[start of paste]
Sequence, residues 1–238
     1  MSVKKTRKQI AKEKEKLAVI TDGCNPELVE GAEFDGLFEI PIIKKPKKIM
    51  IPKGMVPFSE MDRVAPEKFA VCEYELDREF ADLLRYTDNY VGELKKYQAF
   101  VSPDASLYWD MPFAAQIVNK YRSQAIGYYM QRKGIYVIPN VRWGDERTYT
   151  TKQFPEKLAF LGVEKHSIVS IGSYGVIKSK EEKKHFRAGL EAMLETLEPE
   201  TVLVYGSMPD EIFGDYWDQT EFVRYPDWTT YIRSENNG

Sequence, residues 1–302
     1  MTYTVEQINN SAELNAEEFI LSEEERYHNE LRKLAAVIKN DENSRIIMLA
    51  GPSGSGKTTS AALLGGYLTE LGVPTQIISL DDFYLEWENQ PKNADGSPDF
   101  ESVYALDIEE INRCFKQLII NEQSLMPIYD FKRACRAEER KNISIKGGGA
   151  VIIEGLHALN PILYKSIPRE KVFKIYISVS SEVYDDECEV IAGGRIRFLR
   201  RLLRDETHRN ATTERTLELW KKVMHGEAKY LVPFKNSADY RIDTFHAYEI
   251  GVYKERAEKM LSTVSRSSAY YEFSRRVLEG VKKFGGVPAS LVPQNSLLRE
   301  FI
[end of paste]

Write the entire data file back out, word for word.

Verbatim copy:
Sequence, residues 1–238
     1  MSVKKTRKQI AKEKEKLAVI TDGCNPELVE GAEFDGLFEI PIIKKPKKIM
    51  IPKGMVPFSE MDRVAPEKFA VCEYELDREF ADLLRYTDNY VGELKKYQAF
   101  VSPDASLYWD MPFAAQIVNK YRSQAIGYYM QRKGIYVIPN VRWGDERTYT
   151  TKQFPEKLAF LGVEKHSIVS IGSYGVIKSK EEKKHFRAGL EAMLETLEPE
   201  TVLVYGSMPD EIFGDYWDQT EFVRYPDWTT YIRSENNG

Sequence, residues 1–302
     1  MTYTVEQINN SAELNAEEFI LSEEERYHNE LRKLAAVIKN DENSRIIMLA
    51  GPSGSGKTTS AALLGGYLTE LGVPTQIISL DDFYLEWENQ PKNADGSPDF
   101  ESVYALDIEE INRCFKQLII NEQSLMPIYD FKRACRAEER KNISIKGGGA
   151  VIIEGLHALN PILYKSIPRE KVFKIYISVS SEVYDDECEV IAGGRIRFLR
   201  RLLRDETHRN ATTERTLELW KKVMHGEAKY LVPFKNSADY RIDTFHAYEI
   251  GVYKERAEKM LSTVSRSSAY YEFSRRVLEG VKKFGGVPAS LVPQNSLLRE
   301  FI